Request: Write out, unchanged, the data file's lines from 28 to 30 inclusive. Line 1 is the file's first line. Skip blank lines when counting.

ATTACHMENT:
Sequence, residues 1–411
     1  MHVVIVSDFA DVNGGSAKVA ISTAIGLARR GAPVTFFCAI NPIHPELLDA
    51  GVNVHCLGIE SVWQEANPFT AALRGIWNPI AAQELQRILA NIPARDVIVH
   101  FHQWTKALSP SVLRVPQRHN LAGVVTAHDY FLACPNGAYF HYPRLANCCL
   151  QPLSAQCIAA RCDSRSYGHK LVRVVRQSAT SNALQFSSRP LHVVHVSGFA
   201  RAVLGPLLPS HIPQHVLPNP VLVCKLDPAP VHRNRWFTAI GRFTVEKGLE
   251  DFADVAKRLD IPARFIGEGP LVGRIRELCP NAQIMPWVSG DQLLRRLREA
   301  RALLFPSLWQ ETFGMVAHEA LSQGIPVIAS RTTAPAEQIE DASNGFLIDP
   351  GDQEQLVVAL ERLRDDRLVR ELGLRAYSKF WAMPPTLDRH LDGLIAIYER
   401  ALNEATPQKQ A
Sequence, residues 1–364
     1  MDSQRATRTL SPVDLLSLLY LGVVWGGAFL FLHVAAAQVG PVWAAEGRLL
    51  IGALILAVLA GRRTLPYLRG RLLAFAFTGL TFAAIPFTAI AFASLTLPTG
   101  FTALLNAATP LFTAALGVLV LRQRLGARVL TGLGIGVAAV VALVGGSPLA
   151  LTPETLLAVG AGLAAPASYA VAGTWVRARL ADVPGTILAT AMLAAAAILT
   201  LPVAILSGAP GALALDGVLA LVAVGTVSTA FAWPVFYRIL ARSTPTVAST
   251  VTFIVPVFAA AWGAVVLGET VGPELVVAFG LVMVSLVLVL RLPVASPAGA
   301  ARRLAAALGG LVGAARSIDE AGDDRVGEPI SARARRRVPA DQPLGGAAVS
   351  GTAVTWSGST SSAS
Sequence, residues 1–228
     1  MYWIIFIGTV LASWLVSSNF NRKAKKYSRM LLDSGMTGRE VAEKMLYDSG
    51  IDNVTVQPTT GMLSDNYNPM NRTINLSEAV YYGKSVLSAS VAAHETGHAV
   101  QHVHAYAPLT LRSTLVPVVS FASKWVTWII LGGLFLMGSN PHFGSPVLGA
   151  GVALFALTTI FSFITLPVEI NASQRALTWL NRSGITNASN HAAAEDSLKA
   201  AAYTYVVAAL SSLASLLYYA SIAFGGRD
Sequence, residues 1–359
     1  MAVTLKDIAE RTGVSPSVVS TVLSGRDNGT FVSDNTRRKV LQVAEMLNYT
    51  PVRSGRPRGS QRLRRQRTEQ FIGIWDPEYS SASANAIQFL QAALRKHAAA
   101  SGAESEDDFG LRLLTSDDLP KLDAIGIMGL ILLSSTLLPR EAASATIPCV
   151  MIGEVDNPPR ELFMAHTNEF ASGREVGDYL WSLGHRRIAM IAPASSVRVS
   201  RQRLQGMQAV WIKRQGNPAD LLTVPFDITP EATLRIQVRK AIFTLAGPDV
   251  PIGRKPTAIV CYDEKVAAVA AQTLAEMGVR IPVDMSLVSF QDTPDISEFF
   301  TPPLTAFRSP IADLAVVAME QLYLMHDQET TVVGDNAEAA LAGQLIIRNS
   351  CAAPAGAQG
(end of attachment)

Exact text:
    51  PVRSGRPRGS QRLRRQRTEQ FIGIWDPEYS SASANAIQFL QAALRKHAAA
   101  SGAESEDDFG LRLLTSDDLP KLDAIGIMGL ILLSSTLLPR EAASATIPCV
   151  MIGEVDNPPR ELFMAHTNEF ASGREVGDYL WSLGHRRIAM IAPASSVRVS